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Title: Polychords Level: Advanced Style: Theory Instructor: Kevin Morgan http://www.acorduri.go.

ro A polychord is a "stacking", both literally and harmonically, of two "adjacent" chords within a key. For example, in the key of G, one of the seven possible polychords is C/D. By C/D I mean a chord in which a C triad is played on the 6th, 5th, and 4th strings, and a D triad on the 3rd, 2nd, and 1st strings. One such way of playing this is (in psuedo-tab): 2 3 2 2 3 3 Where the 6th and 5th strings are fretting with the thumb, the 4, 3 and 1 strings are fretted with a 1st finger barre, and the 2nd string is fretted with the 2nd finger. (yes, it's awkward; work at it a bit. It's IMPORTANT that the 1st string ring out too; don't accept less than all 6 strings ringing!). Before we go futher with more polychord possibilities, you are by now asking "what good is this"? It's a new tool. Play the polychord and listen. It's a unique sound, and creates a unique emotional feeling, which after all is the whole point of music, to create feeling in the listener. Knowing polychords well gives you an opportunity to inject them in your music, be it compositions, be it free improvising, be it chord substitution when playing changes, etcetera. Another interesting use of polychords is as a means of "inventing" interesting arpeggiated lead lines. By directly arpeggiating the polychord tones, or otherwise using all six (or fewer) of them in close succession, your lead line starts to also take on the "mood" of the polychord. You get interesting intevallic leaps. (Be sure to base your polychord lead lines on a theme, with either a theme-variation or question-answer type of phrasing, as I'm sure you always do!! And of course you should probably resolve your lead lines to a chord tone of the actual underlying chord you are playing over. For example, someone's playing a D7. You go for a lead line using this C-D polychord. Ending on a D-F#-A-C will give more or less resolution and sense of "yea, that fit's", while ending on a non D7 chord tone will give alot more tension. Since your already creating some serious tension with the polychord already (playing a C over D7!), you should probably initially work with resolving to a D7 chord tone. Of course, a jazzer probably wouldn't call this a "polychord". They might view it as an inversion of D13, where the 7-9-11 are played "in the bass" and the 1-3-5 are played in the treble. Or, as a C with add 9, add 11, and add 13 (how do you write this, C+9+11+13? There is no 7, but perhaps folks would just write C13 anyway? I don't know). Could be, could be. Viewing it as stacked triads ("polychords") is just a different mental model.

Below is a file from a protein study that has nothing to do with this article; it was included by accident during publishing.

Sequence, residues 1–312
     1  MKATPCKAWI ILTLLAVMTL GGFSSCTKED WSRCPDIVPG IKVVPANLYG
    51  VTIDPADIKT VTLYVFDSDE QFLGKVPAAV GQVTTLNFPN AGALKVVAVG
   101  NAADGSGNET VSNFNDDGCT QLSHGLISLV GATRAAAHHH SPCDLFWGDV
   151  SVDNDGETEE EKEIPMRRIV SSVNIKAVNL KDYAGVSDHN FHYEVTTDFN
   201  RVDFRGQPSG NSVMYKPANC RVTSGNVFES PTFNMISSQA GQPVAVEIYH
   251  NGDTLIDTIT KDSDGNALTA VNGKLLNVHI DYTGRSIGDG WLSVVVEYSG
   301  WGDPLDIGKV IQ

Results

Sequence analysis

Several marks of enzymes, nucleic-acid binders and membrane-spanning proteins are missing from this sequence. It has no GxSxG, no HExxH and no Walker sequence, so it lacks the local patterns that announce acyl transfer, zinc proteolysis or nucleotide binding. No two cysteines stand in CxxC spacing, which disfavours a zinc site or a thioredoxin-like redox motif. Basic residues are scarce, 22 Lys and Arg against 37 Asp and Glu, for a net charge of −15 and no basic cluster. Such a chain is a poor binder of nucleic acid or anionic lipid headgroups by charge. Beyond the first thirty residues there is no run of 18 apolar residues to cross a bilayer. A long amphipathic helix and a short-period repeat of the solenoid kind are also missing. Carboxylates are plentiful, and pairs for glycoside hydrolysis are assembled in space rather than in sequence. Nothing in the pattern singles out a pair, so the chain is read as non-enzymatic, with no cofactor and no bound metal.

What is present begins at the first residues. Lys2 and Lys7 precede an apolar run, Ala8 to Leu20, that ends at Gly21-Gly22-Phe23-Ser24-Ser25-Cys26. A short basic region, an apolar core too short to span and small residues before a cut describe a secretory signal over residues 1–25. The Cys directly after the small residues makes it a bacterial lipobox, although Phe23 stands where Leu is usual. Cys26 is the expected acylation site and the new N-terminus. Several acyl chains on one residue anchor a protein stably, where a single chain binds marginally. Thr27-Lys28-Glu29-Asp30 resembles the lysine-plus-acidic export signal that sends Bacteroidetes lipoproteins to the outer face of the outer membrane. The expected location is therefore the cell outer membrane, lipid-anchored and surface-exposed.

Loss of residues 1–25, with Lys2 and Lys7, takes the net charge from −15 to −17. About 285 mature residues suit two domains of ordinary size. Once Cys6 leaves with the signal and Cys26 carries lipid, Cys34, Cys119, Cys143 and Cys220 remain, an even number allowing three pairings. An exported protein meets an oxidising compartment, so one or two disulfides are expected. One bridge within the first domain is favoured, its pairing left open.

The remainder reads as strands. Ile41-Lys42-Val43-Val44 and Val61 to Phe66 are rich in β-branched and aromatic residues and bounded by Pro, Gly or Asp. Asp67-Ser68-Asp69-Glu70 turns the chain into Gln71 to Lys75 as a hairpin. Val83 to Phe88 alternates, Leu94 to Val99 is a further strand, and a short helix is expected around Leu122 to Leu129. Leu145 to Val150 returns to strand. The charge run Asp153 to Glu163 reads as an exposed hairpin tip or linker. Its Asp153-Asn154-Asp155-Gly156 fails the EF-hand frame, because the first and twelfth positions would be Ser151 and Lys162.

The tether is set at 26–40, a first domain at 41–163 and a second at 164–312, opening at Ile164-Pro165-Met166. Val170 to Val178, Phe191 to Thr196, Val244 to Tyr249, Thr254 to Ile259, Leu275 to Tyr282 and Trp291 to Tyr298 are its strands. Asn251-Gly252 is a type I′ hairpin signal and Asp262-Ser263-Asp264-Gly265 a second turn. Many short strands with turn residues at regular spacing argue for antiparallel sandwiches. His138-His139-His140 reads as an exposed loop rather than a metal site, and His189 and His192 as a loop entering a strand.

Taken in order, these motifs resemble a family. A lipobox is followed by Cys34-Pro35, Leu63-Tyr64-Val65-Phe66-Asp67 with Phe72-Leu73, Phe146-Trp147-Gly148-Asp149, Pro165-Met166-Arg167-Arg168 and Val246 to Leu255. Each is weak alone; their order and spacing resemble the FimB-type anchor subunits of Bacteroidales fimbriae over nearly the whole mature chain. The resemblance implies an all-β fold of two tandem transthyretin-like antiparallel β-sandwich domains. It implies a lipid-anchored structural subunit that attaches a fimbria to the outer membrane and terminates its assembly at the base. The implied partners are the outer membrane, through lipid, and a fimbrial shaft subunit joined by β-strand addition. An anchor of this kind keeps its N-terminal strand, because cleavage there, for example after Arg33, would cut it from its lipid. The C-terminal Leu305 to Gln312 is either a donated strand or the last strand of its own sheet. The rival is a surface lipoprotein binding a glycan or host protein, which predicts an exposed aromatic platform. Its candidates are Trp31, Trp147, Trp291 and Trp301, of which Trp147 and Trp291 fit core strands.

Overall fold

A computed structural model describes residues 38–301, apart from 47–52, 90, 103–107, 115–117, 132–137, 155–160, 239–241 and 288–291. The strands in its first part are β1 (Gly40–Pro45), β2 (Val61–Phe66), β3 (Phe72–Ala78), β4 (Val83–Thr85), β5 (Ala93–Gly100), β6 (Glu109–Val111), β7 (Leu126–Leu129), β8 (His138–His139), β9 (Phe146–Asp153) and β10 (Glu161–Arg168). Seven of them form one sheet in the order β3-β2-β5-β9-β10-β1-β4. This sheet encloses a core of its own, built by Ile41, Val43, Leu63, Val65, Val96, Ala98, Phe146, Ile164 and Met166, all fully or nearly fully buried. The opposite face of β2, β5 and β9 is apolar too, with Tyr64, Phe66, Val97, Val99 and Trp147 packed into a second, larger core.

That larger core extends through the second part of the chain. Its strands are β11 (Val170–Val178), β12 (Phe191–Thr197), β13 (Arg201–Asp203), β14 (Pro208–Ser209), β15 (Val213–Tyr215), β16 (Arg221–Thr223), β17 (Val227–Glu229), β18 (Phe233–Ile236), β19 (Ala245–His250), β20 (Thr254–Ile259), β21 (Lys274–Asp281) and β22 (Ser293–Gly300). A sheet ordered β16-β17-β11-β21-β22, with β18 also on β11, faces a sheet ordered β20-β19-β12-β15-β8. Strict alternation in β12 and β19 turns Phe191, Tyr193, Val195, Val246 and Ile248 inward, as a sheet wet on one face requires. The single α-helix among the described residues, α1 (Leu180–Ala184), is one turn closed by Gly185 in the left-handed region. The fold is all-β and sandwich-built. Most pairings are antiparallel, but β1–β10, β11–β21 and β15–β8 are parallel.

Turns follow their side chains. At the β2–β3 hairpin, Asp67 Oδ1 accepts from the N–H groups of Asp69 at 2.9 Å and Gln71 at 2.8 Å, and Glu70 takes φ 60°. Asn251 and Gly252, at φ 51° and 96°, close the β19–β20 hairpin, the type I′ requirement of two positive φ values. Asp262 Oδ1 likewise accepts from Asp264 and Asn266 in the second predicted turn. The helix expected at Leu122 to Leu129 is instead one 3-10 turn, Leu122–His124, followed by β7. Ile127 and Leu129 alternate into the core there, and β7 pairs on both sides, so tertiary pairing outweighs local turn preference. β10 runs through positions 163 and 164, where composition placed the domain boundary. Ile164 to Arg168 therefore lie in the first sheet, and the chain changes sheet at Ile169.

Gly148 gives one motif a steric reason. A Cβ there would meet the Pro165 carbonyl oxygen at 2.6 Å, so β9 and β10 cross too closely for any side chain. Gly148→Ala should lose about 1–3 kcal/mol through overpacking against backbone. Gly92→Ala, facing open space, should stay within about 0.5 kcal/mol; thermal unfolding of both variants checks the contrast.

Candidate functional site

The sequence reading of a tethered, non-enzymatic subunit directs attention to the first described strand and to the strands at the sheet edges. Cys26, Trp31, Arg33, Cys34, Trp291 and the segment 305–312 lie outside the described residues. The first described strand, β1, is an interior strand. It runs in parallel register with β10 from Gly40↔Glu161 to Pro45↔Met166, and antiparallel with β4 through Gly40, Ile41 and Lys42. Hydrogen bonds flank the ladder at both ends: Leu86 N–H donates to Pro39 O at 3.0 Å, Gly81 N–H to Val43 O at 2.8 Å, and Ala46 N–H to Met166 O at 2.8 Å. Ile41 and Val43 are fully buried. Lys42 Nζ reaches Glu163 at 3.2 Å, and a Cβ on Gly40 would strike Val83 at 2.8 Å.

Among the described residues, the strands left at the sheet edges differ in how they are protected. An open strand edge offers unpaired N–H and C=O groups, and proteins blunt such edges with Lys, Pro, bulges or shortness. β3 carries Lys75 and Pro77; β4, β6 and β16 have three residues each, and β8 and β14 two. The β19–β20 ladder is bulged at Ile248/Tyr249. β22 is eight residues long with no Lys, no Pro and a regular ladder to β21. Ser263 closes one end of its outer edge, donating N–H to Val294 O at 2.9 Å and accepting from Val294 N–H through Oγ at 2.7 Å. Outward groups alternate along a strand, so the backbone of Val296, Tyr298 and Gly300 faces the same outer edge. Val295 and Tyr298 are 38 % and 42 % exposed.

Another term for this concept is "upper structure triads", the idea that the base chord is always a simple triad, be it major, minor, or diminished, and extensions are just triads "on top", such as 5-7-9, or 7-9-11, or 9-11-13. Polychords we are defining here as being 9-11-13 played in the bass (strings 6-5-4), played over a simple triad 1-3-5. Enough theory, on to more fun stuff! For playing lead stuff over polychords, whoa, you've got lots of stuff to work with!! Using our C/D polychord again, you can play C lydian, D mixolydian (okay, the same notes BUT you are emphasizing different chord tones), D blues. Hey, whole tone scales thrown in for a moment or two sound cool too!! Experiment. How many polychords are there in a key? Seven. The C/D in the key of G is, from a theory/any key point of view, just IV/V. Okay, so the total set of polychords are: I/II II/III III/IV IV/V V/VI VI/VII VII/I

Now how do we find them on the fretboard? Note that the 6-5-4 component of the C/D polychord is, of course, just a C triad in 2nd inversion (the 5th is a G, and it's in the bass, so it's 2nd inversion). Do you know all 2nd inversion triads in the key of G on the 6-5-4 string set? I.e., staying with this form of 5th of the chord on the 6th string, root of the chord on the 5th string, third of the chord on the 4th string, play ALL the chords in the key of G. We were just playing C at frets 3/3/2 on strings 6-5-4, so slide up to the D (the V chord) at 5/5/4. Now slide up to the Em on 7/7/5. The F#dim is at 8/9/7. And so on. Can you play all 7 chords in the key this way, up and down the neck, in time with a metronome. No problem. So now you have 1/2 of the 7 polychords. Next step: do the same work on the 3-2-1 string set. Our starting point was D, the V chord, in our C/D polychord. We used a 2nd inversion form (5th on 3, root on 2, 3rd on 1). Next chord "up" is Em, which is at frets 4/5/3 on strings 3-2-1, etcetera. Now put these two chords together!! The reality is, the fingering is tough. Doable, but tough. You frequently need to use the trick of one finger fretting two strings. Now the way out of the conundrum. Drop the 6th string out of the equation. You are dropping the 5th of the "top" (bottom? I don't know) polychord (in the C/D example, we are dropping the G, which is the 5th of the C triad). That's okay, because we still have the third (on the 4th string) giving us the "quality" of the chord (minor or major), and we have the root (on the 5th string). Now work out the fingerings. They are quite reasonable, and we now have a whole new set of cool chords within the key, with a very different vibe/feel from regular old major, minor, 7, 9 type chords. Try a 2 chord vamp using two of these polychords, record it for 5 minutes or so, then jam over it. You got billions and billions of scale and arpeggio possibilities to work with. Don't forget whole tone scales!! (I usually do, don't be like me).

By the way, just to give you a sense that you indeed are on the right track, the Em/F#dim polychord, dropping the 6th string, is: 5 7 5 5 7 x So that's polychords in a nutshell. As I started with, another tool to put into your bag. Keep on jammin'!! -Kevin Morgan